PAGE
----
Germany's Wirecard Bank has become the latest financial services firm to establish a virtual branch in 3D online universe Second Life and says it also plans to set up shop in science fiction game Entropia Universe.
The bank, which is the the first German financial services firm to establish operations in Second Life, says its cyber branch will be staffed with specially trained personnel which will be represented by avatars.
Wirecard says customers will be able to access its payment services via Second Life.
Commenting on the move into the virtual world, Burkhard Ley, CFO of the Wirecard, says: "The intelligent link between technology and banking services is an objective that has been pursued by Wirecard Bank from the outset. To reinforce this strategic positioning on the market, the commitment to Second Life represents a logical step as far as we are concerned."
Wirecard says its commitment to Second Life in not "an isolated step" and it is also "positioning itself" to open a virtual branch in Entropia Universe - an online role-playing game that has a real world cash economy.
In March Danish online investment bank Saxo said it was setting up shop in Second Life and planned to offer residents the ability to manage real life portfolios from within the virtual universe. Dutch banks ABN Amro and ING have also ventured into the cyber world.
Meanwhile MindArk, the company behind Entropia Universe, has completed an auction of five virtual banking licences that allow firms to set up real world banking systems in the universe. The five licenses sold for $404,000 to a mix of firms, Entropia celebrities, and entrepreneurs, including Russian Internet payment provider Moneta.ru.
In a separate move IBM - which already runs an operation in Second Life that is run by 4000 employees - says it is establishing a new virtual business centre in the universe where IBM sales people, clients and partners can meet, collaborate and conduct business together.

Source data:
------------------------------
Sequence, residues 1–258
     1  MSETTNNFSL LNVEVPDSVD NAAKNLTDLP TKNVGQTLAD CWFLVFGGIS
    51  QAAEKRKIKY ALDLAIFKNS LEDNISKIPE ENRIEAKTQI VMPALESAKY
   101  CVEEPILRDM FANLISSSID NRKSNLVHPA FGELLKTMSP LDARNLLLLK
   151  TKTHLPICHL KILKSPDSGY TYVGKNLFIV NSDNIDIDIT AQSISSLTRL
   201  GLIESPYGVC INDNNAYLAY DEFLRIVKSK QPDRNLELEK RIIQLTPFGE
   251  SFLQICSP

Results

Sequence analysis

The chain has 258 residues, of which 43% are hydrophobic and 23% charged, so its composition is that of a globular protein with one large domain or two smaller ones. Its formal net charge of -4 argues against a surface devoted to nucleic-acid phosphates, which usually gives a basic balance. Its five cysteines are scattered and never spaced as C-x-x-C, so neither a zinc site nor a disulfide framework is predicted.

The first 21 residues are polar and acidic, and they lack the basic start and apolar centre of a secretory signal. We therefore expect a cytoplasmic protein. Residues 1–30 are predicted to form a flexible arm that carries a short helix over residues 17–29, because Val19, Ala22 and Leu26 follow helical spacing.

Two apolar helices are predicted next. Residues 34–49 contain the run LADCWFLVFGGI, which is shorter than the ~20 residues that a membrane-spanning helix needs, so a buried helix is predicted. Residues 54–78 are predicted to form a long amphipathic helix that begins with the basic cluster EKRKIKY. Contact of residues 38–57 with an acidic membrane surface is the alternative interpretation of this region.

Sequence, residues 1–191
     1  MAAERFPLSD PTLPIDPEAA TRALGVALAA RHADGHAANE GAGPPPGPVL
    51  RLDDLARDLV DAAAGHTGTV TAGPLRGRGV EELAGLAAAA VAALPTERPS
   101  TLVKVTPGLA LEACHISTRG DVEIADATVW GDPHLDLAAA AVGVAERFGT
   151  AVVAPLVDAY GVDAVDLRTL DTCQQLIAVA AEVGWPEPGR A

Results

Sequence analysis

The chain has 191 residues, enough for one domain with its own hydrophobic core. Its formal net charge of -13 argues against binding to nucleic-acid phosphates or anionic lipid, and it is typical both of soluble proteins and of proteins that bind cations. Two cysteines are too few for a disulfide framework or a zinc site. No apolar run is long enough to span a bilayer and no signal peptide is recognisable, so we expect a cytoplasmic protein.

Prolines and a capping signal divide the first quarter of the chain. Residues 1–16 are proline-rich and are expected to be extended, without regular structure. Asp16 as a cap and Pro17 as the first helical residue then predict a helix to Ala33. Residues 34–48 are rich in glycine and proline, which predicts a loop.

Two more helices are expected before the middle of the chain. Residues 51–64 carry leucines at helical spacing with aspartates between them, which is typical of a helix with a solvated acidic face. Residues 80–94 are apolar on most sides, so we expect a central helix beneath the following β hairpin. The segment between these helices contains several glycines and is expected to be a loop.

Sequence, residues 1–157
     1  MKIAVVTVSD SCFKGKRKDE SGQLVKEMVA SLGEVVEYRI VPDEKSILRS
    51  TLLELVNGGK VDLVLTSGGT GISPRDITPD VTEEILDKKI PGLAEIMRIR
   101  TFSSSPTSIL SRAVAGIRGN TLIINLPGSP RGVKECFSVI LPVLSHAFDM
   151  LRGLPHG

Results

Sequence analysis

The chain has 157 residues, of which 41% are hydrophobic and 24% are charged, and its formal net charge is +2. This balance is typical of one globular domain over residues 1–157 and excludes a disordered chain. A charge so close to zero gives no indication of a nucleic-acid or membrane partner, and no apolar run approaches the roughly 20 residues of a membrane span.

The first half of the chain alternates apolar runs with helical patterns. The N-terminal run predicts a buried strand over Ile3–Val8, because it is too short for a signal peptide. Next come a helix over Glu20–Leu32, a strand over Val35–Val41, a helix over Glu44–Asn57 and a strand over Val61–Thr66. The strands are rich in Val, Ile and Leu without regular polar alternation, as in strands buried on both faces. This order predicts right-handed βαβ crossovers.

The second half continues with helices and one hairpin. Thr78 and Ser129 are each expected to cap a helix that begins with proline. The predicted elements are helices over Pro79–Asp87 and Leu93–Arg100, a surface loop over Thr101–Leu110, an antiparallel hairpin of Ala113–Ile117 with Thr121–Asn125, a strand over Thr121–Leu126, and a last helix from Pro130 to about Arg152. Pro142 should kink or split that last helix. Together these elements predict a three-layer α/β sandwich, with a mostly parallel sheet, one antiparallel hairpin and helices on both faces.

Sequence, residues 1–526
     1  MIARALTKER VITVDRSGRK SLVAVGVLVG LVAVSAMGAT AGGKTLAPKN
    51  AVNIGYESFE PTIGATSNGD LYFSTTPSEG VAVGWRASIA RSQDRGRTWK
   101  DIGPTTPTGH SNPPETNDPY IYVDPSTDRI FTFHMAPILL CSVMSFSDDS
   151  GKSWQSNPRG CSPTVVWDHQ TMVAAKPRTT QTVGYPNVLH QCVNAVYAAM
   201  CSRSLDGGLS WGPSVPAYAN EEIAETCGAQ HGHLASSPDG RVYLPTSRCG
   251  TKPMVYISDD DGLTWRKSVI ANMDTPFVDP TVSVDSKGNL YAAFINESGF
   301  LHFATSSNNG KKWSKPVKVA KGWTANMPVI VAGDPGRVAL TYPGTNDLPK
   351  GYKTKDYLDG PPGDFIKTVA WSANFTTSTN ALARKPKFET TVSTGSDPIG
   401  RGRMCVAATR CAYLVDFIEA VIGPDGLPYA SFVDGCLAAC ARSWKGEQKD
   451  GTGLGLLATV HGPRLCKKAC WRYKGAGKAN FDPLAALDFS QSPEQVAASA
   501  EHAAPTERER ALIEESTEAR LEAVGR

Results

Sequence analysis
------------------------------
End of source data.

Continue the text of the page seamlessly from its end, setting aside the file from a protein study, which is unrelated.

The centre has been developed in partnership with NMC Virtual Worlds, a virtual services unit of the New Media Consortium, and is staffed by real IBM sales representatives from around the world, who can chat with visitors in several languages. IBM employees will staff this new office during business hours in their respective countries.
IBM says its sales avatars can work with the client avatars up to the point of exchanging private data, such as the signing of contracts and the passing of money or credit information. That would be handled through a link to IBM's Web site or by phone.
"IBM is combining a 3-D virtual experience, its existing 2-D website, and real IBM people to conduct business," says Lee Dierdorff, VP, Web strategy and enablement, ibm.com. "This will make customers' business experiences more effective."
IBM says more than 230 of its researchers consultants, and developers use virtual worlds to experiment with and develop social networking tools and to design new ways of doing business. The firm has more than 30 other virtual islands for purposes such as research, recruiting new employees, developer support and IBM internal and client meetings.